Archive for the ‘Archaeology’ Category

They’ve done it again, kiddie-winkers.

While we were out planning our gardens and trying to figure out how to hurt ourselves with fireworks, the devoted geeks and nerdlings in the world of science have come up with these findings!




Dinosaur: http://bit.ly/1lxLRTu
Gluten: http://bit.ly/1gT4Wgc
Prehistoric girl: http://bit.ly/1j45bcI
Glaciers: http://bit.ly/1on1lP6
Lucid dreaming: http://bit.ly/1glhORI
Exoplanet: http://bit.ly/1iYOxel
Sperm: http://bit.ly/1mYRPhh
Measles: http://bit.ly/S7b5jd

Well done, folks. Very well done indeed.

The world owes you a huge debt of gratitude!



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The other day, I was browsing through Popular Science’s website, PopSci.com, and stumbled across this article.

This Preserved Lizard Is 23 Million Years Old

In Mexico, paleontologists discovered a small piece of amber with something remarkable inside: a 23-million-year-old preserved lizard.

Scientists at the curiously named National Autonomous University of Mexico’s Physics Institute are analyzing the amber. It’s small, loosely trapezoidal in shape, and only about 1.7 inches by 0.5 inches, but contains the entire body of a very tiny lizard. Thanks to the amazing preservation powers of amber, the lizard’s complete skeleton survived to this day, along with a not insignificant amount of soft tissue and even skin.

oldlizard-amber(It might well be related to a very common modern lizard – except it’s teeny-tiny)

It’s a bit early to declare with certainty what kind of lizard this is, but the scientists believe at this point that it’s a new species of anole. The anoles are a very common New World family of lizards – if you’ve been to Florida and seen greenish/brownish lizards running all around, those are most likely anoles. They’re friendly lizards, functioning as a sort of pest control (they eat cockroaches, for example) and are even sold as pets, sometimes. This particular preserved (presumed) anole has yet to be given an official Linnaean name.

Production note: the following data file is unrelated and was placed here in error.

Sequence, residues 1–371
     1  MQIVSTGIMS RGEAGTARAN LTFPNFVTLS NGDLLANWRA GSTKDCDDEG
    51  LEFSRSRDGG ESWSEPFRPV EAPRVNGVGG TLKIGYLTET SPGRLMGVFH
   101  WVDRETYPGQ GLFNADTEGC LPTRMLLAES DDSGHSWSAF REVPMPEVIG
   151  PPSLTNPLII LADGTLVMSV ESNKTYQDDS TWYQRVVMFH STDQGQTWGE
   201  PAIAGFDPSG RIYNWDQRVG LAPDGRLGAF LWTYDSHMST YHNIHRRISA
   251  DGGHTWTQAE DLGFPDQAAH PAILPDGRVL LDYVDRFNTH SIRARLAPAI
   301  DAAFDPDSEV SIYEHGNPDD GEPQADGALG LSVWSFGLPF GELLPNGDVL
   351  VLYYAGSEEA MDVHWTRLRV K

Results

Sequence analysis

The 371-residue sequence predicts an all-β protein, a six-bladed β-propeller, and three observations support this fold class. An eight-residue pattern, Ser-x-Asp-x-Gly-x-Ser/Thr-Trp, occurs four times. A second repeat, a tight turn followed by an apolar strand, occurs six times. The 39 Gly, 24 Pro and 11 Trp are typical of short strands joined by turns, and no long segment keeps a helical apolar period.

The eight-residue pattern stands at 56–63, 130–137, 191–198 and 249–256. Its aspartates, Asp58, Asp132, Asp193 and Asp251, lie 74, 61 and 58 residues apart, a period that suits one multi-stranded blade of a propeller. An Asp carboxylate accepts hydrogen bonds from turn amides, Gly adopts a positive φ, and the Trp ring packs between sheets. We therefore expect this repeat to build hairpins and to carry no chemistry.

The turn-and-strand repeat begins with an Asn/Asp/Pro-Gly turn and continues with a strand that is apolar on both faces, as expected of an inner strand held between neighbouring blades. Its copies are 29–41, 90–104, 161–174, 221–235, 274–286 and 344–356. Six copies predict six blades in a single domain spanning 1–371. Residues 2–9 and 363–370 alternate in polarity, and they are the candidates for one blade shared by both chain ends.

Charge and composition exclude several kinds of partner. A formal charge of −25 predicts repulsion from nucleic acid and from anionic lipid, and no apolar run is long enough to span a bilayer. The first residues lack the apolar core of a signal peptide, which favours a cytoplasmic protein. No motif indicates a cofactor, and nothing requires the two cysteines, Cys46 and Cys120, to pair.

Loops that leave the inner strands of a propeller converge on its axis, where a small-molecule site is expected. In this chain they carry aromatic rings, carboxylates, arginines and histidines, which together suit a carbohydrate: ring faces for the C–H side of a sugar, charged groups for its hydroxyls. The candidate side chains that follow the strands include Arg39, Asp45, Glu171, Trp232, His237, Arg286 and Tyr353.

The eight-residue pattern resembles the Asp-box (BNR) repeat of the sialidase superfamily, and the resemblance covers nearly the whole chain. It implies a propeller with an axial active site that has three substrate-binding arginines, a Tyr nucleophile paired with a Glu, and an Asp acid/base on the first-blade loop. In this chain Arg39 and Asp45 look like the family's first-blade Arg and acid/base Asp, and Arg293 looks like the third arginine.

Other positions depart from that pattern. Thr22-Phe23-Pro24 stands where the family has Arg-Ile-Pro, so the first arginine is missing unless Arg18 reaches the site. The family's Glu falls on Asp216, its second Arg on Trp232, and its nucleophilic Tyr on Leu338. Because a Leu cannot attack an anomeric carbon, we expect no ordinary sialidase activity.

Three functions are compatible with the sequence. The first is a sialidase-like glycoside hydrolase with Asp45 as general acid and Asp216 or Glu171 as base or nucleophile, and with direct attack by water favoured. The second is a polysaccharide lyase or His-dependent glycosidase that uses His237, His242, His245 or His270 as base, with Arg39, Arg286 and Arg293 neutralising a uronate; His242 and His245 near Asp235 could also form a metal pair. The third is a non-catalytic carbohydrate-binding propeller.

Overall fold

The amber was found in Simojovel, a municipality in the northern part of Chiapas (Mexico’s southernmost state) that’s known, among other things, for its amber. [1]

Simojovel has a long history of amazing amber finds, and this lizard is only the latest.


[1] Amber is a fossilized resin, not a sap; though both sap and resin come from plants, sap is a sugar and resin is a complex hydrocarbon liquid that’s held in the outer cell membranes of plants. Both sap and resin are thick, viscous liquids, but only resin can fossilize and become amber, often with organic matter (like plants or animals) stuck inside.

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I have to hand it once again to the intrepid geeks and nerdlings over at ScienceDaily.com!

Actor Johnny Depp Immortalized in Name of Fossilized Creature With ‘Scissor Hand’ Claws

The article begins, “A scientist has discovered an ancient extinct creature with ‘scissor hand-like’ claws in fossil records and has named it in honour of his favourite movie star.”

The 505-million-year-old fossil called Kooteninchela deppi (pronounced Koo-ten-ee-che-la depp-eye), which is a distant ancestor of lobsters and scorpions, was named after the actor Johnny Depp for his starring role as Edward Scissorhands — a movie about an artificial man named Edward, an unfinished creation, who has scissors for hands.

Kooteninchela-deppi-4(What a cutie. Just like its namesake!)

Kooteninchela deppi is helping researchers to piece together more information about life on Earth during the Cambrian period when nearly all modern animal types emerged.

David Legg, who carried out the research as part of his PhD in the Department of Earth Science and Engineering at Imperial College London, says:

“When I first saw the pair of isolated claws in the fossil records of this species I could not help but think of Edward Scissorhands. Even the genus name, Kootenichela, includes the reference to this film as ‘chela’ is Latin for claws or scissors. In truth, I am also a bit of a Depp fan and so what better way to honour the man than to immortalise him as an ancient creature that once roamed the sea?”


It lived in shallow seas off the coast of what is now British Columbia, Canada, although in those days, the area was closer to the equator.

It was approximately four centimetres long with a trunk for a body and millipede-like legs and large eyes which it used to search for food along the sea floor, according to research published in the Journal of Palaeontology.

The researcher believes that Kooteninchela deppi would have been a hunter or scavenger. Its large Edward Scissorhands-like claws with their elongated spines may have been used to capture prey, or they could have helped it to probe the sea floor looking for sea creatures hiding in sediment.